The last few months has been an banner one for the incoherent but totally hegemonic concept of “taxpayer money.” I’ve been meaning to talk about this funny concept for some time now and so I figure I should take advantage of these events to do that here.
In Louisiana, Bobby Jindal wanted to increase revenue without raising taxes. This is because the state desperately needs more revenue, but Jindal’s political commitments make it impossible for him to raise taxes.
So here is how Jindal sensibly handled this conundrum:
- Charge public college students a new fee. ($350 million of nontax revenue).
- Provide public college students a new tax credit. ($350 million tax reduction).
- Increase taxes elsewhere. ($350 million tax increase).
So you see (2) and (3) offset each other, meaning that there is no net increase in taxes. Thus, under normal revenue accounting, Jindal raises $350 million solely with nontax revenue, i.e. the fee in (1). The new revenue increase is, I guess, not “taxpayer money.”
The consensus liberal take seems to be that this is a ridiculous gimmick, as if there is deep down some sort of obvious taxing going on here. But these objections operate of the assumption that taxation is a clear concept when it very much isn’t. Jindal’s move is not obscuring a tax; rather, it is taking advantage of the fact that “tax” is not a coherent thing and is interchangeable with almost any other distributive move.
For example, suppose the US government wanted to balance a revenue shortfall by reducing the disposable income of old-age pensioners. It could do so by cutting Social Security benefits, which is scored as a spending reduction that has nothing to do with taxes. Or it could do so by increasing taxes on Social Security benefits, which would be a tax increase. These are distributively identical actions, but one is a tax and the other isn’t. If you think Jindal’s student fee scheme is really deep down a tax, then mustn’t you also think Social Security benefit cuts are deep down a tax? Wouldn’t such a cut be an assault on “taxpayers”?
If you think I am nitpicking here, consider another recent and interesting use of “taxpayer,” this time from Slate’s Jordan Weissman:
Lee Siegel is an award-winning critic and an unrepentant leech. After pursuing not one, not two, but three degrees from an Ivy League university, he chose to default on his student loans at taxpayer expense, because he felt that paying them back would have hampered his ambitions of becoming a writer.
Earlier this month, Bloomberg turned up Laura Strong, for instance, a part-time therapist and yoga instructor who took out $245,000 for a Ph.D. in psychology, toward which she is contributing $100 dollars a month under Pay as You Earn. Two decades from now, taxpayers will likely have to eat whatever she doesn’t pay off.
What’s interesting here is that, at least in most cases, student loan defaults are fully accounted for in the interest rate charged by the Department of Education. That is, the DOE sets the interest rate on student loans at such a level that the student loan system is “self-funding” even with defaults here and there. The incidence of the cost of defaults is borne, not by the “taxpayer” in some quasi-normal sense of the word, but rather by other student debtors who pay somewhat higher interest.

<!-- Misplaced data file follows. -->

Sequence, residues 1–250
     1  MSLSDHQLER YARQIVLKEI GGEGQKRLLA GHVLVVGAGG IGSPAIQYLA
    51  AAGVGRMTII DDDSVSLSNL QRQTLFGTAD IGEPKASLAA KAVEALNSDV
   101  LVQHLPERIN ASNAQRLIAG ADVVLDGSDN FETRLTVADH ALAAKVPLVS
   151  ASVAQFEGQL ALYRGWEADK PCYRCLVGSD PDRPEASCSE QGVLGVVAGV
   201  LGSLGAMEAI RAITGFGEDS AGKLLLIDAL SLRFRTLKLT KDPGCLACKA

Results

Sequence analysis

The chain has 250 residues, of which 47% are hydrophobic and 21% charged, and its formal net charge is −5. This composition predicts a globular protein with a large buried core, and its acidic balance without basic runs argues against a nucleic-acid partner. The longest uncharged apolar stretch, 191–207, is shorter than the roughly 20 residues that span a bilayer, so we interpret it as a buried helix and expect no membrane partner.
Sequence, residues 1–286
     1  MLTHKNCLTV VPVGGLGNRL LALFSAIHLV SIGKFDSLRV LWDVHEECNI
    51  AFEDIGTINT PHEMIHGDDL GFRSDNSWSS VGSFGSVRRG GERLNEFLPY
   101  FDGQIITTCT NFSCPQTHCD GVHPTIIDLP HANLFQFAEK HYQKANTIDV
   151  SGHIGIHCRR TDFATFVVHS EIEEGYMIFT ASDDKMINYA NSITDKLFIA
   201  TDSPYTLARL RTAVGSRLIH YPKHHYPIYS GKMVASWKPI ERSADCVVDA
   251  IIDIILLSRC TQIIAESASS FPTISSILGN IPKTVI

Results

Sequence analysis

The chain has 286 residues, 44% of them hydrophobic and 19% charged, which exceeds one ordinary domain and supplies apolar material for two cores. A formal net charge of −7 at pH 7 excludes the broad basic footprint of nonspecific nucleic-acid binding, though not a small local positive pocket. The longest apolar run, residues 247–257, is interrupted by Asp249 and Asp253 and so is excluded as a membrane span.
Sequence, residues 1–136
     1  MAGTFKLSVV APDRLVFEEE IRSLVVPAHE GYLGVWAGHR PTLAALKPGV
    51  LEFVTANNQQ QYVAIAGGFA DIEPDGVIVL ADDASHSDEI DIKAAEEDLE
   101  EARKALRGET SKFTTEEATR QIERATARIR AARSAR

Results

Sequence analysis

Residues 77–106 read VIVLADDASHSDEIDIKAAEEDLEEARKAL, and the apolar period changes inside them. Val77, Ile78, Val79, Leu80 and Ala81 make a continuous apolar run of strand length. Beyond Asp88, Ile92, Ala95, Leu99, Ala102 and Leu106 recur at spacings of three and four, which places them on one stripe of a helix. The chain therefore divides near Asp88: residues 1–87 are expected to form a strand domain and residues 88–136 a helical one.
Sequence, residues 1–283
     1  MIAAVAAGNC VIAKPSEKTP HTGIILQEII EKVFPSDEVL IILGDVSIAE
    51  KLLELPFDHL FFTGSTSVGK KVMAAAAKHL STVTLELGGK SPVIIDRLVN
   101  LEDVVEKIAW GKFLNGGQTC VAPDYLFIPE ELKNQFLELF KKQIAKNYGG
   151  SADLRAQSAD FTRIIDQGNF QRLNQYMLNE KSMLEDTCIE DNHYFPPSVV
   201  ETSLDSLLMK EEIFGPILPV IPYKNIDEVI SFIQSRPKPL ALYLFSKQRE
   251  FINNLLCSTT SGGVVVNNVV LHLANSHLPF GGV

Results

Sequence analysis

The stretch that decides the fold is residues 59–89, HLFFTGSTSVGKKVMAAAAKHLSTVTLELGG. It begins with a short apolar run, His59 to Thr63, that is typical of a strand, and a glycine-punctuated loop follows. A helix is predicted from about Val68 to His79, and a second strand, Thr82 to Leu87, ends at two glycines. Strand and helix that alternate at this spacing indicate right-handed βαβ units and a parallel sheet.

Of course, all government revenue is fungible, and so in some sense the student loan interest bucket is not meaningfully distinguishable from the official tax revenue buckets, and so maybe there is some sort of “taxpayer expense” going on here. Though, if we use fungibility in this way to access the word “taxpayer” in situations like this, then that also means money spent on roads is coming at “student debtor expense,” for student debtors also contribute to government revenue.
Aside from these two examples, what’s bugged me generally is the way in which “taxpayer money” is used totally inaccurately as a substitute for “public money.” For starters, “taxpayer money” is an obvious oxymoron because any money that is taxed is, by definition not the money of the person we call the “taxpayer.” The laws determine what money belongs to who and tax laws clearly demarcate that the money does not belong to the taxed.
Aside from that point though, the usage is inaccurate because not all government revenue comes from taxes. A good deal of it comes from fines, licenses, fees, tolls, lotteries etc. And this is increasingly true. According to the OECD, 20% of total US government (local, state, and federal) revenue in 2013 was nontax revenue. This means 1 in 5 public dollars do not come from what gets categorized in national accounting as “taxes.”
Moreover, the share of government revenue coming from nontax sources has been on the rise:
Between 1970 and 2013, US government revenue increased from 29.7% of GDP to 33.2%. Nontax revenue growth accounts for nearly all of that revenue growth (92%). Or to put it in the confusing parlance of pundits: nontaxes account for almost all of the growth in taxpayer money. Heh.
When talking about “taxes” versus “fees” versus “cuts,” it can become very difficult practically to avoid picking one and going with it for descriptive purposes. This is the hazard of the way we’ve decided to carve up specific distributive categories. Some halfway accurate usage is thus understandable.
What’s not understandable is why “taxpayer money” (or similar) gets so much use, despite the fact that it is an objectively inaccurate descriptor. That is to say, the phrase literally is lying about the origin or whatever of the money being talked about, 1/5th of which is from nontax sources. “Taxpayer money” serves certain ideological ends well, which explains some of its usage, but it serves truthful description purposes extremely poorly. Meanwhile “public money” is a 100% accurate description.